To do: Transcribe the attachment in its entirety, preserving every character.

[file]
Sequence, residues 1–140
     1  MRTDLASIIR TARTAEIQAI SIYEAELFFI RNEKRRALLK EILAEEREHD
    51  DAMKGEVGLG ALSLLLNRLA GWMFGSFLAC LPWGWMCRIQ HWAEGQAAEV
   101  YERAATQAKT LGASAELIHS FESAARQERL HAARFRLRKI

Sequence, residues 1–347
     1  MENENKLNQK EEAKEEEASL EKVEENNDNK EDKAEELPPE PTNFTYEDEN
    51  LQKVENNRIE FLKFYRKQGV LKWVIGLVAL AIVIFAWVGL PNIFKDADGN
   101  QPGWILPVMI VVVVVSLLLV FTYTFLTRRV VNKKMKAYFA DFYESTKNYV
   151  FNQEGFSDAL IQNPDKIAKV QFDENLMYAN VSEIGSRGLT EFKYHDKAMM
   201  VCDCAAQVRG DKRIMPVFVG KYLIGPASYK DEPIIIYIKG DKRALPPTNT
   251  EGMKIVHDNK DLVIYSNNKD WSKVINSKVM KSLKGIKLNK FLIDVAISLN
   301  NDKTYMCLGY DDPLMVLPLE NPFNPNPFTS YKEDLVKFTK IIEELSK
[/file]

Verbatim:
Sequence, residues 1–140
     1  MRTDLASIIR TARTAEIQAI SIYEAELFFI RNEKRRALLK EILAEEREHD
    51  DAMKGEVGLG ALSLLLNRLA GWMFGSFLAC LPWGWMCRIQ HWAEGQAAEV
   101  YERAATQAKT LGASAELIHS FESAARQERL HAARFRLRKI

Sequence, residues 1–347
     1  MENENKLNQK EEAKEEEASL EKVEENNDNK EDKAEELPPE PTNFTYEDEN
    51  LQKVENNRIE FLKFYRKQGV LKWVIGLVAL AIVIFAWVGL PNIFKDADGN
   101  QPGWILPVMI VVVVVSLLLV FTYTFLTRRV VNKKMKAYFA DFYESTKNYV
   151  FNQEGFSDAL IQNPDKIAKV QFDENLMYAN VSEIGSRGLT EFKYHDKAMM
   201  VCDCAAQVRG DKRIMPVFVG KYLIGPASYK DEPIIIYIKG DKRALPPTNT
   251  EGMKIVHDNK DLVIYSNNKD WSKVINSKVM KSLKGIKLNK FLIDVAISLN
   301  NDKTYMCLGY DDPLMVLPLE NPFNPNPFTS YKEDLVKFTK IIEELSK